One day, historians examining this period of crisis will have to consider the circular process by which the media were transformed from observers to participants. From covering the story to playing a major part in it, to stimulating and sometimes agitating the environment for their own media purposes. The media in this cruel Israeli-Palestinian conflict are like a very rich junkie, who parks his Mercedes on the high street of a slum. You can be sure that in no time at all, everyone will be out there, pushing a whole variety of merchandise.The reason I'm citing him here, however, beyond the value of his comments, is because of the story with which he opened his talk, the story of one Abu Ali of Jenin who told a gullible European journalist the IDF had killed all nine of his children, even while all nine were still very much alive; the European newspaper which turned this into a two-page story somehow never got around to informing its readers that thankfully, the story actually wasn't true. In case you wonder if Abu Ali might at least have been sincere, though mistaken, Marmari makes it quite clear later on that this couldn't have been true: whoever was there and knew the facts, such as his one anti-Israeli reporter Amira Hass, knew fully well that there had been no massacre.
Which means Abu Ali lied. Me, I'd be superstitious to tell someone about the death of my children, but perhaps that's just me.
Those of you old enough to remember the turn of the century may recollect the persistent story, repeated endlessly as an article of faith, whereby the international blockade of Iraq throughout the 1990s had caused the death by starvation of half a million Iraqi children. That's 500,000 children, a large number by any standard.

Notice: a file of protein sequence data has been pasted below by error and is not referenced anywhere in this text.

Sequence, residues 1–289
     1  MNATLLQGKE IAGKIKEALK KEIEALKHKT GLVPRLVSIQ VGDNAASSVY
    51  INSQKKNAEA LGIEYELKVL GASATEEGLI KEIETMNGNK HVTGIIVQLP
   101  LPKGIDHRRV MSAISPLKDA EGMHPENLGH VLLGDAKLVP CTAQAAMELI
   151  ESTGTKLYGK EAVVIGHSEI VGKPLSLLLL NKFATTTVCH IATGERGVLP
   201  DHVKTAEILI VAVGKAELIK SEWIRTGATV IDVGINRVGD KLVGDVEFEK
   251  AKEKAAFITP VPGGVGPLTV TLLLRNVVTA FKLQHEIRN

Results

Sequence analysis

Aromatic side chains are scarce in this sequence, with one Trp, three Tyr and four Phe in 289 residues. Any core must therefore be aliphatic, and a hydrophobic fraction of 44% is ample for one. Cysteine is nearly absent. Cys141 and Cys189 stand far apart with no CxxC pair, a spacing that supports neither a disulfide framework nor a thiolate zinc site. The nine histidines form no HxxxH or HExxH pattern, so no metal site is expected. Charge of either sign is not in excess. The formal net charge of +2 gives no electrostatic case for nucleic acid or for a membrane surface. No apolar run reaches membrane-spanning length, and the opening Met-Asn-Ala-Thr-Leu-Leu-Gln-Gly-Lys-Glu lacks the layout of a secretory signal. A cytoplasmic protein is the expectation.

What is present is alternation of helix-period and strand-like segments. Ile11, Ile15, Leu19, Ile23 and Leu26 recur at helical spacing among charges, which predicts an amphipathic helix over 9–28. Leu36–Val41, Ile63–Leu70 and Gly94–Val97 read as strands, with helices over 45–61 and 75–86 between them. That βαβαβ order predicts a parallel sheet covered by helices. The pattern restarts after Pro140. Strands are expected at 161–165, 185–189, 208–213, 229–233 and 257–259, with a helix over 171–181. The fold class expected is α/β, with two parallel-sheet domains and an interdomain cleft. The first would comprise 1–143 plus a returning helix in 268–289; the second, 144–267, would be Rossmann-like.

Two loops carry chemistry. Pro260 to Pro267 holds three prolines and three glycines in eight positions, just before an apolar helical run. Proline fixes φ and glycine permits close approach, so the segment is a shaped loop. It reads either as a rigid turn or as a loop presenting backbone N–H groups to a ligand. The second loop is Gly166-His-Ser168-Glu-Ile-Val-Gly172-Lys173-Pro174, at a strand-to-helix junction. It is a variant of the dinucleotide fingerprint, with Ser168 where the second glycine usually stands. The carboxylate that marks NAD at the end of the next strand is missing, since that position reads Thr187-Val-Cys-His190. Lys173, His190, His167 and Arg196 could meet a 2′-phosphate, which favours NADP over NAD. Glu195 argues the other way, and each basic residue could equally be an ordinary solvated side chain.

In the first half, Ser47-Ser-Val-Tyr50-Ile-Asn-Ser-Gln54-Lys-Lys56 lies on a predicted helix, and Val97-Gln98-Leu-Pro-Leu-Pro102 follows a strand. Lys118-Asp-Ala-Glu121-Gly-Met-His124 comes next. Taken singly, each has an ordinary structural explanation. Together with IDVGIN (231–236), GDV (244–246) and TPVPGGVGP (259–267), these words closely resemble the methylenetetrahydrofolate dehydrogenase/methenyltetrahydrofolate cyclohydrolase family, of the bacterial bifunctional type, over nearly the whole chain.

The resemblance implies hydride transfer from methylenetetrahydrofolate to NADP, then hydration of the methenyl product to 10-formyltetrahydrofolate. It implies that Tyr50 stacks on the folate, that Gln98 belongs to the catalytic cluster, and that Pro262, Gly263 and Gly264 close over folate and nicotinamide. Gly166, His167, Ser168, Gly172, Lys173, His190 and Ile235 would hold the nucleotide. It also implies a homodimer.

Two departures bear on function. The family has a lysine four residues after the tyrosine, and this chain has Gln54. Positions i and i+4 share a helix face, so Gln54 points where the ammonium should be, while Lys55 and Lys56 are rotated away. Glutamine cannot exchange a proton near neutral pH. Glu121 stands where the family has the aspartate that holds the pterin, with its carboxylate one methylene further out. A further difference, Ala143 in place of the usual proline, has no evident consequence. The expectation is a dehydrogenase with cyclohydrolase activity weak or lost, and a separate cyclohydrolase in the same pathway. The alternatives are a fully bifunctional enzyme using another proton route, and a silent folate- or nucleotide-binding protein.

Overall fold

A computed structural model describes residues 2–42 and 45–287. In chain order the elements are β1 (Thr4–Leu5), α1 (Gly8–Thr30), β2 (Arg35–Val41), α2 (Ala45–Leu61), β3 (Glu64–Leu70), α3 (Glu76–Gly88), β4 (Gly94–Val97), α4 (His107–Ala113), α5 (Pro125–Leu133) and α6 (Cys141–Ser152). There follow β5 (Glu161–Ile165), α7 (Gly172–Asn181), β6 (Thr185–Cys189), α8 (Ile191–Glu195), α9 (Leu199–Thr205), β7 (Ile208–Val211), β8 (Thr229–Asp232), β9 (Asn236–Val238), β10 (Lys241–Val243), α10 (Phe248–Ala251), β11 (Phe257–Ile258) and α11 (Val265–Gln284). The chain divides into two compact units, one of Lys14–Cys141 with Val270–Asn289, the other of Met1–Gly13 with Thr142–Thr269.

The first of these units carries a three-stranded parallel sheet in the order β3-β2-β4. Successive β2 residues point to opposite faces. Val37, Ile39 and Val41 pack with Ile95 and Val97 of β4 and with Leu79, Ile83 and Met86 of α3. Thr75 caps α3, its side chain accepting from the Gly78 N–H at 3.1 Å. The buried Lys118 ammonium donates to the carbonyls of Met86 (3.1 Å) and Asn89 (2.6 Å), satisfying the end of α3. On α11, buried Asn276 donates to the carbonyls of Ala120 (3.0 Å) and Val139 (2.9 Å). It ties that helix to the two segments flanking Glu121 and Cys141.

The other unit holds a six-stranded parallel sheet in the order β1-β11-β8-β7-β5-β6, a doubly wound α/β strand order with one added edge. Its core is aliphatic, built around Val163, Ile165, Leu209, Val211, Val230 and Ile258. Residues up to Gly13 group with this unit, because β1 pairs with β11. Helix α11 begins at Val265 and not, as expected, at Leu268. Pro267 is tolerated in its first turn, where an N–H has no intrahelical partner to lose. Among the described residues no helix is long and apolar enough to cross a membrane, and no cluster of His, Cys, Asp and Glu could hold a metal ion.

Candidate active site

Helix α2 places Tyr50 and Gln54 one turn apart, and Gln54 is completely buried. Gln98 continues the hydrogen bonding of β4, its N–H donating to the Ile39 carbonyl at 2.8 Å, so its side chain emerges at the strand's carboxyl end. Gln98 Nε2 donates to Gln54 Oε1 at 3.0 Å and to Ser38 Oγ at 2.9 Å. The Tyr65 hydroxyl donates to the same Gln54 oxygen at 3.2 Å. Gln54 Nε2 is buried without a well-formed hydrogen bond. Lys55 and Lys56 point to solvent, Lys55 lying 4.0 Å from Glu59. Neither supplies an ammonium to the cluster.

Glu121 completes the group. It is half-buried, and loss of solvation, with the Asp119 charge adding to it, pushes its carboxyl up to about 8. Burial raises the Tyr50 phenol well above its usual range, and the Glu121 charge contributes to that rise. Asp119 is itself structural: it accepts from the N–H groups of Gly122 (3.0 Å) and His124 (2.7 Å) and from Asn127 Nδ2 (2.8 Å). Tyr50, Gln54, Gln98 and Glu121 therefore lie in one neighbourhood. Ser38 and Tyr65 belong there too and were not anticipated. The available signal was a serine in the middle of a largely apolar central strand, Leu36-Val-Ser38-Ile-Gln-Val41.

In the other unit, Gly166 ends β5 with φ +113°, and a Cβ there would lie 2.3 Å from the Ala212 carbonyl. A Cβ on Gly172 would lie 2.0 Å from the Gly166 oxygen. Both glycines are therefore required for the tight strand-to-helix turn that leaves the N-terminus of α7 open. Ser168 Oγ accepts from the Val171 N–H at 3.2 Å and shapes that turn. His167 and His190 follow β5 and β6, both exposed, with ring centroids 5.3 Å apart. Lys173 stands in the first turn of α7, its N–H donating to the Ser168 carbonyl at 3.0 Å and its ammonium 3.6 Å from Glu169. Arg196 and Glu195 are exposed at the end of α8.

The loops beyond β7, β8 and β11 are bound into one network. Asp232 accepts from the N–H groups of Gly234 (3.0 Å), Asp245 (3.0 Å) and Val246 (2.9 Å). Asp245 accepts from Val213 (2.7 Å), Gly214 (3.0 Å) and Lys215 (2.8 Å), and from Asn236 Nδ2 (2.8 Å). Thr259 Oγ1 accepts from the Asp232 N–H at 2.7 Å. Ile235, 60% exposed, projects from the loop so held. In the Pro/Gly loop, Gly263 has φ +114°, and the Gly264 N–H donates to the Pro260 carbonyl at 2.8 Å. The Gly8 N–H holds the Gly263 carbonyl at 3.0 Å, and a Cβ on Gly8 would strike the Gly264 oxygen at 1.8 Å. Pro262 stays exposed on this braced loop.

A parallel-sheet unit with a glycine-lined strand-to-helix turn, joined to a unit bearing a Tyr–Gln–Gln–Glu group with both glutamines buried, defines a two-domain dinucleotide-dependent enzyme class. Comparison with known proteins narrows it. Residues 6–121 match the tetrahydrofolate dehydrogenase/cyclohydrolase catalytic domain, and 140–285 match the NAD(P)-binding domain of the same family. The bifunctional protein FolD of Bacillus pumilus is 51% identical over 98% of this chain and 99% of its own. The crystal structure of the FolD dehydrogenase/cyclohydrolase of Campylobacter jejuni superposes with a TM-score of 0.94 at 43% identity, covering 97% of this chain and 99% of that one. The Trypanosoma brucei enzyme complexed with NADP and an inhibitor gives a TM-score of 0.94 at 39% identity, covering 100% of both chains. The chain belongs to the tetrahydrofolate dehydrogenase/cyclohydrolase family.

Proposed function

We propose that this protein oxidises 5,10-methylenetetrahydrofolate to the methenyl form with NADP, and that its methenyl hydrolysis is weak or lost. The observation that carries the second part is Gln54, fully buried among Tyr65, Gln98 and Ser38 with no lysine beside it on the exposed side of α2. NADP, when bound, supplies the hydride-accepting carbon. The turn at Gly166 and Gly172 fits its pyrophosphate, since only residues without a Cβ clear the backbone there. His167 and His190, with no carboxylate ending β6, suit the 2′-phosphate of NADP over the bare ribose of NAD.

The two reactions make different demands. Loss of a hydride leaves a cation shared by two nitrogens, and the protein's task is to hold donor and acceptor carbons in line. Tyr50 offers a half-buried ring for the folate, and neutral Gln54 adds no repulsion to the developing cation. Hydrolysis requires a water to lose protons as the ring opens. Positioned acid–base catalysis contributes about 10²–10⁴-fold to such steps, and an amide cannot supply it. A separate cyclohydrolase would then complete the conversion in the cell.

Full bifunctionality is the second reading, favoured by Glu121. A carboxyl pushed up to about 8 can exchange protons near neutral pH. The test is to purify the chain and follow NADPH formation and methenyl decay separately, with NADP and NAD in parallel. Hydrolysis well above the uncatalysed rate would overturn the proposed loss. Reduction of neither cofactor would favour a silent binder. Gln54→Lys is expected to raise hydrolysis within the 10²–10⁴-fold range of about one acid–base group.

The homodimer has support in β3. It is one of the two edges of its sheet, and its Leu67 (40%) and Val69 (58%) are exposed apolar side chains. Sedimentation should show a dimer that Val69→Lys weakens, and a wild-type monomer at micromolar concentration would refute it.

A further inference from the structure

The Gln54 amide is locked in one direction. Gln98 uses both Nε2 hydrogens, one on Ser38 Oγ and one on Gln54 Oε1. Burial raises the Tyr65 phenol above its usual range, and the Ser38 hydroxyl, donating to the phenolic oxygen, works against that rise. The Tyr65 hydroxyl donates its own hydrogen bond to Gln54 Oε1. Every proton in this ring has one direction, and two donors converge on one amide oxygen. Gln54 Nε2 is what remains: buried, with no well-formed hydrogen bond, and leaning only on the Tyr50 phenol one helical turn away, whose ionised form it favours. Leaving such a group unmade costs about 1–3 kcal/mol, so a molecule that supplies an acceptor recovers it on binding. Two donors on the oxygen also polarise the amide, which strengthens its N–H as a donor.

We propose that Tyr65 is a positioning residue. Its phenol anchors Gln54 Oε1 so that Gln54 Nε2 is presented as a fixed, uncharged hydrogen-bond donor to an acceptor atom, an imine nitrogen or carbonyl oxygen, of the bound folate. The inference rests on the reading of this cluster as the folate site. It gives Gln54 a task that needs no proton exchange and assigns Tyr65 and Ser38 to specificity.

Then, in 2003, the Americans invaded Iraq, and for a few months it was safe enough for Western journalists to wander around the country, reporting on the lack of WMD and how awful the Americans were. One story that didn't get told was the story of the parents of those half a million dead children. So far as I can remember, there was never a single interview with a single Iraqi parent who told about how their child had starved to death. Moreover, there were no pictures of Iraqi children on the verge of starvation. Nor any stories about the allies rushing large convoys of basic foodstuffs to a famished populace.
The entire story disappeared. I'll go out on a branch here and speculate that it was never true, and was tailored from full cloth by a combination of liars who invented it and malicious ignoramuses who gleefully disseminated it.
If anyone wishes to disprove me, I will of retract this allegation once it has been proven wrong.
The invasion of Iraq in 2003 of course gave birth to a whole industry of unverified and often wrong numbers of casualties. Of course, unlike the previous case, when the Americans and British invaded Iraq in 2003 they set in motion a train of events in which many tens of thousands of Iraqis did die, most of them civilians, and most of them at the hands of their fellow Arabs. Yet Google enables you the opportunity of going back to the media reports of 2003 and 2004, where you'll see that the numbers of the purported dead were significantly higher than the numbers being cited in, say, the horrific year of 2006; an indication that once again some observers were not being careful with their numbers, peculiar as this may sound.
Compared to the true and false numbers bandied carelessly around for Iraq, the numbers of dead in Gaza in this campaign are paltry: not hundreds of thousands, but hundreds, period. Were the real number to be in the thousands, we'd be hearing about it; since the IDF itself says its troops have identified hundreds of fighters they have personally killed in battle, it's likely the total is more or less correct. That some of them, probably even a few hundred, really are non-combatants, most horrifically children, is true. Yesterday, according to the reports, the troops reported they had killed up to fifty armed Hamas fighters.
Yet that number deserves to be looked at again. The IDF and the armed wing of Hamas are engaged in fierce face-to-face combat in a densely built city. Hamas prepared for this battle for quite a while, it dug tunnels, stored explosives in homes, booby trapped schools, a zoo, and many residential buildings - and the number of civilian dead on a typical day of fighting is... Five? Ten? Twenty?
That's what the international tumult is about? Did I miss something?